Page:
Traditionally grown in the region around Rome, puntarelle is unique among the chicories in that it is the young, hollow bolting shoots that are usually eaten rather than the leaves. They grow into dense beautiful “heads” (referred to as “pigna” or pinecones in Italy) with many points that, upon harvest, are separated, julienned into thin strips, and soaked in cold water to remove some of the bitterness while developing an elegant curl. In Roman markets vendors can be found prepping the greens using a taglia puntarelle, a tool consisting of a fine wire grid which the stems are pushed through to finely slice them for soaking. The texture is crisp and crunchy with the lovely refreshing bitterness of its radicchio siblings. In Rome, Puntarelle alla Romana – thin strips of puntarelle in an anchovy, garlic, vinegar, and olive oil dressing – is a quintessential winter salad. It’s mainly a winter vegetable there, but because bolting is triggered by photoperiod (day length, or more accurately night-length); it generally heads much earlier at our more northerly latitude, usually between mid-October and mid-November. 90-110 days. Photo and text courtesy of Uprising Seeds.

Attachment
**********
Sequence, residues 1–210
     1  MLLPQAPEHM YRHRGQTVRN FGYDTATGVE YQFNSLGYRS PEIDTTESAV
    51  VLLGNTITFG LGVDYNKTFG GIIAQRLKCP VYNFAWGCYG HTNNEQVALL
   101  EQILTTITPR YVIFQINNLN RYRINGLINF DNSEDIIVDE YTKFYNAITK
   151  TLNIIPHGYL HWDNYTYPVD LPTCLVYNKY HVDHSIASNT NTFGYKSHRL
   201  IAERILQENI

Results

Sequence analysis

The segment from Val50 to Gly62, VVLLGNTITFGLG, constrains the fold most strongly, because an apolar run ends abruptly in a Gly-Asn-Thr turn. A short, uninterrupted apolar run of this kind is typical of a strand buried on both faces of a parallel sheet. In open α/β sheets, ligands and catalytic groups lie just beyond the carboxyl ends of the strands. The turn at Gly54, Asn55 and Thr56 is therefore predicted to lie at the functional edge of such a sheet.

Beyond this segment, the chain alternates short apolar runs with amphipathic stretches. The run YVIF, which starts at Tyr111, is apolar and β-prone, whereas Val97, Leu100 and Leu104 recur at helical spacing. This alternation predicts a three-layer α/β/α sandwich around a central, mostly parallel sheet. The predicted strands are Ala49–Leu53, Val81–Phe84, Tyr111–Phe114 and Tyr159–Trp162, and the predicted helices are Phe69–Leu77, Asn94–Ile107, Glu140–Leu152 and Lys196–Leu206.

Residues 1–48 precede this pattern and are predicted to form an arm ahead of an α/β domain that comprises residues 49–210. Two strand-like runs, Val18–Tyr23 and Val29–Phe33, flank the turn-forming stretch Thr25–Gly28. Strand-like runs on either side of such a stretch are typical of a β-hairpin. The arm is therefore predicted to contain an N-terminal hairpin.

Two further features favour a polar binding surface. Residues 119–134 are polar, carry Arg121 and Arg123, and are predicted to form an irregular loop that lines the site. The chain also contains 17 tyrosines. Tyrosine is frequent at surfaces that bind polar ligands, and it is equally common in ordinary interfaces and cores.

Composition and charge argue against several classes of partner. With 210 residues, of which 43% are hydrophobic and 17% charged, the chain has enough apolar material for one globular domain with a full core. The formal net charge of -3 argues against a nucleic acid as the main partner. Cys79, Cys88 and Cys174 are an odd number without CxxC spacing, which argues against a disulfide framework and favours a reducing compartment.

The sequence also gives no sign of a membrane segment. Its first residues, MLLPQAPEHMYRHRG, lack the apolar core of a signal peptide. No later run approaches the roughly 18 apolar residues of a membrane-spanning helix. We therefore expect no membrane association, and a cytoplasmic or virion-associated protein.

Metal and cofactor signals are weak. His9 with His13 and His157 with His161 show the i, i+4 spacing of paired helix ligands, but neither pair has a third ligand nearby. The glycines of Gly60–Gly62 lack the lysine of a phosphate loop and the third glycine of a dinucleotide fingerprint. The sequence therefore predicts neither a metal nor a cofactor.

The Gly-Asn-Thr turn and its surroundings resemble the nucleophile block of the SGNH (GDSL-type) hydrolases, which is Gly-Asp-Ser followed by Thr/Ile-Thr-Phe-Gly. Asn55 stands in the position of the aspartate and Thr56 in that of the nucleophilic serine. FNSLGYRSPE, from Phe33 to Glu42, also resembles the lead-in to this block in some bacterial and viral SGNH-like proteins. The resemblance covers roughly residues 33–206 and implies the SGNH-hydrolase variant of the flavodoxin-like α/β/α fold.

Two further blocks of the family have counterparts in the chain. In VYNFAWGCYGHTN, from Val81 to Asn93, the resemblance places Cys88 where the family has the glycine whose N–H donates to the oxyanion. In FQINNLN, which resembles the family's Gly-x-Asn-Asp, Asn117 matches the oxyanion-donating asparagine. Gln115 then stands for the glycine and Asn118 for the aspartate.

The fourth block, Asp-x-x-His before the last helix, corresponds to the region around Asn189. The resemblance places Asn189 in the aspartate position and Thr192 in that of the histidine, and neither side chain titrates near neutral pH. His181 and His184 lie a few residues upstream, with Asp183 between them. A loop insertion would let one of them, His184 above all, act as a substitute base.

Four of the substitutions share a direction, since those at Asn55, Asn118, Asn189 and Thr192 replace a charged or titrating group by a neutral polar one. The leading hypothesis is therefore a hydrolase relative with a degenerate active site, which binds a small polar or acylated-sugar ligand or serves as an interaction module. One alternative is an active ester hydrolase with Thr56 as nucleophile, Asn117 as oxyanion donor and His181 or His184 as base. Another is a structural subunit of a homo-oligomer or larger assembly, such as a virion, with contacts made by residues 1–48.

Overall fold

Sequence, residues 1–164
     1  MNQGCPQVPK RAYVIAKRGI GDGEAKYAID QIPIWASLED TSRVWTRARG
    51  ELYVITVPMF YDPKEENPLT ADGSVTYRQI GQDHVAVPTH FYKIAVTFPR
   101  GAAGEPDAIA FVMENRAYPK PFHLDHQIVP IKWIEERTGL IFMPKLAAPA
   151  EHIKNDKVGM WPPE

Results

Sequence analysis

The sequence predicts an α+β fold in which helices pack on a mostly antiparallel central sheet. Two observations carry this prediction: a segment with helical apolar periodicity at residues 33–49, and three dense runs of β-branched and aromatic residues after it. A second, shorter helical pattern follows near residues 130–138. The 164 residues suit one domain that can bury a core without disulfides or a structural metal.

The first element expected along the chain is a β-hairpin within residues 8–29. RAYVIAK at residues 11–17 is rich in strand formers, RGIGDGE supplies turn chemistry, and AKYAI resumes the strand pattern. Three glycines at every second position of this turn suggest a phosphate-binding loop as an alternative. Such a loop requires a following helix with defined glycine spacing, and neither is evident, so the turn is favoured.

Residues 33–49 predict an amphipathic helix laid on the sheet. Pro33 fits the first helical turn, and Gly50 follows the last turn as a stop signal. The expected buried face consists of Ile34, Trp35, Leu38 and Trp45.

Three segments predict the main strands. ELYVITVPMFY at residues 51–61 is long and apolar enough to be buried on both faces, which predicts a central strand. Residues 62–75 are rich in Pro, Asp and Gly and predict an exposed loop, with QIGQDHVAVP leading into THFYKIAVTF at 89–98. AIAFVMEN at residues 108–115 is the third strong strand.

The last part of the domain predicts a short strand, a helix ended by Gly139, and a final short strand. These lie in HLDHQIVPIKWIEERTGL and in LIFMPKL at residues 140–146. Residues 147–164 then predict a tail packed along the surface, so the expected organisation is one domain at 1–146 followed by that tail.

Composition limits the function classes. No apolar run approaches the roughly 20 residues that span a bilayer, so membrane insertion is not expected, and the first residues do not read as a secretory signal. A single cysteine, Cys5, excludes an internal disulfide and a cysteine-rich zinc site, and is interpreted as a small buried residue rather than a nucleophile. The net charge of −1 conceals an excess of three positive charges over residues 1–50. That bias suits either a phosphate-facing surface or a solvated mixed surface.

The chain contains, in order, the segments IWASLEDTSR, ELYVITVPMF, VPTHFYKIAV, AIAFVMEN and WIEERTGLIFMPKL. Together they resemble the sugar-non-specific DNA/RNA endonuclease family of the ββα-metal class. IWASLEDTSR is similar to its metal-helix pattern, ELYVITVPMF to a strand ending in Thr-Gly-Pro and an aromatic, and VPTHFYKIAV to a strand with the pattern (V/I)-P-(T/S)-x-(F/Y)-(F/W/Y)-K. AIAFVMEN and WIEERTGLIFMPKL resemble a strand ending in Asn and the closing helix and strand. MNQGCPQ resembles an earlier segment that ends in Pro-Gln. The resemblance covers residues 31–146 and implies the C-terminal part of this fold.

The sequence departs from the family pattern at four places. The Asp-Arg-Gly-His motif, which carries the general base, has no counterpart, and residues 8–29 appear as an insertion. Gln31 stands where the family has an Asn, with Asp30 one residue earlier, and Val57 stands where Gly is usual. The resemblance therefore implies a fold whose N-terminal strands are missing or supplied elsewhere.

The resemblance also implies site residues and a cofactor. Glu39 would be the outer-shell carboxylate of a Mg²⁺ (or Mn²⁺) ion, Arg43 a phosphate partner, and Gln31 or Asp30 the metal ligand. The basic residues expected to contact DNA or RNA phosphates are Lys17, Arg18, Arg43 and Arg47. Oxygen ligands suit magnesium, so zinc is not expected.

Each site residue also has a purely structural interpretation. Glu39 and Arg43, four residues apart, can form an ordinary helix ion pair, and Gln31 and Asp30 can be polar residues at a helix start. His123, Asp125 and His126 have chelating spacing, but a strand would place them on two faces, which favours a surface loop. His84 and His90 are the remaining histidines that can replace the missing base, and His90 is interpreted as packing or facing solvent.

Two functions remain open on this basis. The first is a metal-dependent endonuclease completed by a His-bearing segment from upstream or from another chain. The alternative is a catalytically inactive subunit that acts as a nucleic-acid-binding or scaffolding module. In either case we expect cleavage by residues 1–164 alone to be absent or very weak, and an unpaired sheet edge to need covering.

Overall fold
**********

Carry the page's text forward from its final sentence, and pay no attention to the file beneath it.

Gusto Italiano Project is a collaboration between Culinary Breeding Network, Uprising Seeds and northern Italian vegetable breeders at Smarties.bio. The project was born from a mutual love of radicchio and a desire to further establish it as an anchor of the fall and winter produce season here in North America, and specifically the Pacific Northwest. This special line of certified organic radicchio and regional specialty Brassica seeds was bred and grown in Italy by the incredible folks at Smarties.bio. Based in Chioggia, the heart of radicchio’s motherland, Smarties.bio exists at the crossroads of tradition and innovation by bringing years of modern breeding experience to classic, culturally significant vegetables of their region.
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